Citizen reporter
2 minute read
21 Apr 2021
8:19 pm

Ramaphosa announces local government elections date

Citizen reporter

Although some opposition parties such as the EFF wanted the elections postponed, Ramaphosa hinted last week that they would go ahead this year as scheduled.

Cyril Ramaphosa casts his special vote at the Hyde Park High School voting station in Hyde Park on Aug 2, 2016. Picture: Neil McCartney

 

President Cyril Ramaphosa has announced the date for the 2021 local government elections.

In a statement on Wednesday evening, the Presidency said elections would take place on Wednesday, 27 October.

“This will be the sixth time under South Africa’s democratic dispensation that voters will elect leadership and public representatives at metropolitan, district and local level,” the Presidency said.

“The minister of cooperative governance and traditional affairs will follow the necessary legal process to proclaim the date and undertake other requirements.

“The president urges eligible – and especially first-time voters – to ensure they are registered to participate in the elections which provide the basis for development and service delivery closest to where citizens live.”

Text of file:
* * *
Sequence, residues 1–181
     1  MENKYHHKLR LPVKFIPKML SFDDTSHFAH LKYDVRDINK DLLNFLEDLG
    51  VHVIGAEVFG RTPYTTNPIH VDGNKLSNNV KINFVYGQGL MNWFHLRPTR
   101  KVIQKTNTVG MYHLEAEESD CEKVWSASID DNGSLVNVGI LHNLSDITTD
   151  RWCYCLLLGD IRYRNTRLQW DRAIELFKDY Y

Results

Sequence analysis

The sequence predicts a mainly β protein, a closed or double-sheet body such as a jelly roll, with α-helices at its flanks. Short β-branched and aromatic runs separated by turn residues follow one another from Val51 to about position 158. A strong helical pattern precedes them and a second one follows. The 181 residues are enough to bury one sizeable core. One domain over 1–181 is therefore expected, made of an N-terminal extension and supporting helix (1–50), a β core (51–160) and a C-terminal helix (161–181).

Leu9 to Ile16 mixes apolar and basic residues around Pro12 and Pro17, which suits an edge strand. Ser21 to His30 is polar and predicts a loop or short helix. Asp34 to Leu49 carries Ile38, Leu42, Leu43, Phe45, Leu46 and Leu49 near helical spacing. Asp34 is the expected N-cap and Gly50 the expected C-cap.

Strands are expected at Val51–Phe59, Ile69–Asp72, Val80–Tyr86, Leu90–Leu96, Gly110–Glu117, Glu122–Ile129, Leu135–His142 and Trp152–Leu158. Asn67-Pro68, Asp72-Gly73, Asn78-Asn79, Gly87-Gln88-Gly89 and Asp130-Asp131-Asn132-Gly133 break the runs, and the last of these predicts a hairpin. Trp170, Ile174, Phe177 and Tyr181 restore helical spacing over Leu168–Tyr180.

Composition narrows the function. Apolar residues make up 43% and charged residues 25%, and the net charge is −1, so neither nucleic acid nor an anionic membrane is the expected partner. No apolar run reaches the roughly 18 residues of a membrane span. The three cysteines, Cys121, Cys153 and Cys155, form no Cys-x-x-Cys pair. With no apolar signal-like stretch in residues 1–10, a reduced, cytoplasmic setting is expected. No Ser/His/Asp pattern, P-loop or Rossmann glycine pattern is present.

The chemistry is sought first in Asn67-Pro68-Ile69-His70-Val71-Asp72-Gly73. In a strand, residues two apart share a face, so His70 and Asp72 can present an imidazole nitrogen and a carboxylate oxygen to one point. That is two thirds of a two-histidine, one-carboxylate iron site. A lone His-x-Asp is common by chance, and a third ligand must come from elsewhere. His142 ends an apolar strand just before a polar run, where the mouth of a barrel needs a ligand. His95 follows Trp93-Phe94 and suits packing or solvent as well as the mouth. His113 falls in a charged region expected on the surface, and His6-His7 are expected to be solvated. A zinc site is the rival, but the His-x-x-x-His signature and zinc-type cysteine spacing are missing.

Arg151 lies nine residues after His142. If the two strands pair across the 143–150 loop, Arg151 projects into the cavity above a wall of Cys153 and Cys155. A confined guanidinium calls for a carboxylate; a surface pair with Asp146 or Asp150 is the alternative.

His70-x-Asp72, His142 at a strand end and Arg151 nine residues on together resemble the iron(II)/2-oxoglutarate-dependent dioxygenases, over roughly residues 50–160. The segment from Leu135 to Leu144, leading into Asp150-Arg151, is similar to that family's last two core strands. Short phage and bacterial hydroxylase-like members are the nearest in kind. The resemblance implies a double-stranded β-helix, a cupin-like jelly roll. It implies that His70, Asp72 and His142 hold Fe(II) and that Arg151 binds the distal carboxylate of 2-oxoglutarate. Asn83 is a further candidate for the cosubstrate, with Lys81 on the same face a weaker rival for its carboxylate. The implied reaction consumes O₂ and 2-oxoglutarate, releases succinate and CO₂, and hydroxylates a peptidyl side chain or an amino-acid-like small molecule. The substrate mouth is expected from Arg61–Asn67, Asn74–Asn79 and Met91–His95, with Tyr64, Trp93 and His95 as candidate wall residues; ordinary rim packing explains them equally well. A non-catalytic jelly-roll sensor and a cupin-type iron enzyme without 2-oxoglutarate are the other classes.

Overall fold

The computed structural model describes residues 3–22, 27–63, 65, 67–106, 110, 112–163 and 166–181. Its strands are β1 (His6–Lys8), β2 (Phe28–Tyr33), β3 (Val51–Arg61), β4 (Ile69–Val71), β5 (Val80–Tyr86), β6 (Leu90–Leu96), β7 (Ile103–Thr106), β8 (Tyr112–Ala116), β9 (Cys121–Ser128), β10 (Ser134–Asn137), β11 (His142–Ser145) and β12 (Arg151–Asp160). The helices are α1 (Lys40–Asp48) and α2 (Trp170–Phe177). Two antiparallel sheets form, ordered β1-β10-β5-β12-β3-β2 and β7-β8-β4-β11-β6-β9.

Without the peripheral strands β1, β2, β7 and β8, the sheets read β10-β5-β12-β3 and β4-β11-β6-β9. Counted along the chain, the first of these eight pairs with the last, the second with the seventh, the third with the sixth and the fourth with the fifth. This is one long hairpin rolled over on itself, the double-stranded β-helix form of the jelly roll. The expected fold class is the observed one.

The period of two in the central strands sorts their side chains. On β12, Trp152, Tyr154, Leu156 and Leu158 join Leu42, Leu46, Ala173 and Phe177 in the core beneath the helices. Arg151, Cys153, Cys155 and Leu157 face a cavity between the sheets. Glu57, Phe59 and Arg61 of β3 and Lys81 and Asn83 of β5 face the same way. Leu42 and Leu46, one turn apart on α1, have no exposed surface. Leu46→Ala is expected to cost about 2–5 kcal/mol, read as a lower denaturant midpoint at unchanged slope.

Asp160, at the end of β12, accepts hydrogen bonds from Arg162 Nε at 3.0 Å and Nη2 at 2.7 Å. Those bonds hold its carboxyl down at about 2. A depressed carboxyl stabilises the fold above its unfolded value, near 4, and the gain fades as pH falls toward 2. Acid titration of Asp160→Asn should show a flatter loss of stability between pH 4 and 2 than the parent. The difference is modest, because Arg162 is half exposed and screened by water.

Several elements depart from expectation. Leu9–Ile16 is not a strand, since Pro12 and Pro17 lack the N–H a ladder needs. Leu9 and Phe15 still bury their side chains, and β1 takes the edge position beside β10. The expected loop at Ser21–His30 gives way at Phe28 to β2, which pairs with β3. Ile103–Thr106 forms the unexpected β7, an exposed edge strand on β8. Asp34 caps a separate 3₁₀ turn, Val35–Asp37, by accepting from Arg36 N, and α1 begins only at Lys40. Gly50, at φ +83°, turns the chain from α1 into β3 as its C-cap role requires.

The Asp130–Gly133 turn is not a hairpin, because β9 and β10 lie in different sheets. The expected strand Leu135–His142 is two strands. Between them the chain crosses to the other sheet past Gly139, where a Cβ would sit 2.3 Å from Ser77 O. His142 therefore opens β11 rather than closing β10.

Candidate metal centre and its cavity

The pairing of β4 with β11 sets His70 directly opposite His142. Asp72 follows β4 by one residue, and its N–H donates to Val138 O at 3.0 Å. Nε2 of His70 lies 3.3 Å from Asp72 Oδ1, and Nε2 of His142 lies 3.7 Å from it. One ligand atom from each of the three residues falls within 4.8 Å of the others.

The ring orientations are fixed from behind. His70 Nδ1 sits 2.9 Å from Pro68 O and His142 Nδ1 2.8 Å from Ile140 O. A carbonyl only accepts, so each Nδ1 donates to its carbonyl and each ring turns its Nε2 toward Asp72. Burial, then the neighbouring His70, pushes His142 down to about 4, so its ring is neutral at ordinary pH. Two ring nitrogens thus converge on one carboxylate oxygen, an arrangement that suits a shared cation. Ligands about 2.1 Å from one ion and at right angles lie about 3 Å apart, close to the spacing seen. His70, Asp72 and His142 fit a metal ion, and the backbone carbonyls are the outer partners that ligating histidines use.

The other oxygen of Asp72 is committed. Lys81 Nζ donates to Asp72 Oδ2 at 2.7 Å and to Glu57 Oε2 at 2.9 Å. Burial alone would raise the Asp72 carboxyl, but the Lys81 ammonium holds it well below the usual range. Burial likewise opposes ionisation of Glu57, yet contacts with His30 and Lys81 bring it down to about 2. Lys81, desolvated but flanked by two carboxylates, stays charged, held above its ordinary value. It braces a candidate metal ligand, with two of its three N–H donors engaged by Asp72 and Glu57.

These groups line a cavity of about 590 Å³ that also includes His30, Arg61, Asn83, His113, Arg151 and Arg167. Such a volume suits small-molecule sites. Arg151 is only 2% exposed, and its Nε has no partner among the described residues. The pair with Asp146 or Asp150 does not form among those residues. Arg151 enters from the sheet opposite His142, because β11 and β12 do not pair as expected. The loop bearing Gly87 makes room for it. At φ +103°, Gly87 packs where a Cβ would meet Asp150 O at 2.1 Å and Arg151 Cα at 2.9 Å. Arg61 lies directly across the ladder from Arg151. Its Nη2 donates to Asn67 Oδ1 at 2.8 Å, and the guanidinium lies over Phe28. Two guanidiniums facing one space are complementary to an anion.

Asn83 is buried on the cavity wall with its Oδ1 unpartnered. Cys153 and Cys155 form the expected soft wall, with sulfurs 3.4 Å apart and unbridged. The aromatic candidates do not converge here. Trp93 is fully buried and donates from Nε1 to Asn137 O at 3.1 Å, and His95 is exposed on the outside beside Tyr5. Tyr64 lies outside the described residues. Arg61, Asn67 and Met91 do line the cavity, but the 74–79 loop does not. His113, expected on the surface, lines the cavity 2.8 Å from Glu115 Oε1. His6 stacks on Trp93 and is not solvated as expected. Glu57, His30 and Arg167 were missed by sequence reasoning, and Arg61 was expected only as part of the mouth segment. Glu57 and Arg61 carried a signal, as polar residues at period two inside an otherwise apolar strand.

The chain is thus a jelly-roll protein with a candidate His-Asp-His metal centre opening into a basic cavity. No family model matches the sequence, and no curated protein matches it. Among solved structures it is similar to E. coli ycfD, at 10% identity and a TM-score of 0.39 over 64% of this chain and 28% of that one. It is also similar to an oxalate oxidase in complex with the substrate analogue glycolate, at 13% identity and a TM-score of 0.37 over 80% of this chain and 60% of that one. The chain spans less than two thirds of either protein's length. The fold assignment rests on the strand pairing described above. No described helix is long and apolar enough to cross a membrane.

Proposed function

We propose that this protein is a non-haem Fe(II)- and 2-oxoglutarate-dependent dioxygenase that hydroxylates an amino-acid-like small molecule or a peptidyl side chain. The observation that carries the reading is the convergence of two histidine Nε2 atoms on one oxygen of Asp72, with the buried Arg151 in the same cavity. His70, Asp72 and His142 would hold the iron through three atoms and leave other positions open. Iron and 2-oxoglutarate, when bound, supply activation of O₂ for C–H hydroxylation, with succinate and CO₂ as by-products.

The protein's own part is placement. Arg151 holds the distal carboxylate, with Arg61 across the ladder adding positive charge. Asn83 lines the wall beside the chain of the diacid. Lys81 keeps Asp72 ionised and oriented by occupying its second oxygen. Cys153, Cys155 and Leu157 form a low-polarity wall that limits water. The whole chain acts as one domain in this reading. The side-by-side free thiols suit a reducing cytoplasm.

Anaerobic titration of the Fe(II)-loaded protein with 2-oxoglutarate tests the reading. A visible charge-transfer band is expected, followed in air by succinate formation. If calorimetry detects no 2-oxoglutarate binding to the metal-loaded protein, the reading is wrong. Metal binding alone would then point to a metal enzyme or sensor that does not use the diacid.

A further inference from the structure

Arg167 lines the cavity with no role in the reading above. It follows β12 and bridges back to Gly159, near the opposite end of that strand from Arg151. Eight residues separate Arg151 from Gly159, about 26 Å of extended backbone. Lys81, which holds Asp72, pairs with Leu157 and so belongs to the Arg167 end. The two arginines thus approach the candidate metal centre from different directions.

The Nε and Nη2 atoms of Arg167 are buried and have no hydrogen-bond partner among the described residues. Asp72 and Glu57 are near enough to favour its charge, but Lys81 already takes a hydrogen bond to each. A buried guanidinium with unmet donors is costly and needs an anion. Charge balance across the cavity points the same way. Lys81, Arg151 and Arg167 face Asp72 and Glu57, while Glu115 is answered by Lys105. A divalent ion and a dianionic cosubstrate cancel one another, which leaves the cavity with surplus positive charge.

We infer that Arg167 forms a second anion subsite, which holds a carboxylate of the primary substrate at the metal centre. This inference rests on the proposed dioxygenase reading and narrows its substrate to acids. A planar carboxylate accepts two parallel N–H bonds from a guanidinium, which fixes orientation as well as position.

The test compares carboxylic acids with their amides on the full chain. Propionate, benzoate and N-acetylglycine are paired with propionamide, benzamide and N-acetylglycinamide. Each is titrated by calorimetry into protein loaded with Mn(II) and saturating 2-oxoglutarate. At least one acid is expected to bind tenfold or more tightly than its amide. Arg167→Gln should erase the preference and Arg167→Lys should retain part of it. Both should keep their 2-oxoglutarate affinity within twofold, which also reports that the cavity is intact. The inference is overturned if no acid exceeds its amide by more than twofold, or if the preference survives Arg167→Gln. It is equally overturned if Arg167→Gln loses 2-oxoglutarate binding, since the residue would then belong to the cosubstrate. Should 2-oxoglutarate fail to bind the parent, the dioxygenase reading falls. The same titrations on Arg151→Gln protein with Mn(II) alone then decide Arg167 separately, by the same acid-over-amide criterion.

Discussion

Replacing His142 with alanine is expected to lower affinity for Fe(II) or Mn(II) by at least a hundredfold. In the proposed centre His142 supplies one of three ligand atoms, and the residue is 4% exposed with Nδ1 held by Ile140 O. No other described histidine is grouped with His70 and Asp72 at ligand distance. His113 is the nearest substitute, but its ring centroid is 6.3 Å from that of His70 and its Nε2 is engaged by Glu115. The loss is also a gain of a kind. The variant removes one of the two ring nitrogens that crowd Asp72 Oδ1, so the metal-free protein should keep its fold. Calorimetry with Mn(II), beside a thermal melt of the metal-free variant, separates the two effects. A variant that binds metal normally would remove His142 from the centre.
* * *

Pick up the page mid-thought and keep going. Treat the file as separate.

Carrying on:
Although some opposition parties, such as the Economic Freedom Fighters (EFF), wanted the elections postponed, Ramaphosa hinted last week that they would go ahead this year as scheduled. The EFF cited the inability to campaign due to Covid-19 restrictions as the reason behind their call for a postponement.

Addressing a by-election campaign in Durban last Thursday in his capacity as ANC president, Ramaphosa said as the ruling party they believed that the upcoming local government elections should go ahead, adding that the governing party was ready for them.

Earlier in April, the Independent Electoral Commission (IEC) told Parliament that they were ready to deliver free and fair elections when called upon to do, adding that the Constitution did not allow for a postponement.

IEC vice-chairperson Janet Love said not having the election would lead to a legitimacy problem for current councillors when their terms end.

Commission deputy CEO for election operations Masego Sheburi elaborated on the issue, saying the Constitution placed a ceiling of five years on municipal councillors’ terms.

“The Constitution further dictates an election must be held within 90 days of the expiry of the term,” he said.

Additional reporting by Eric Naki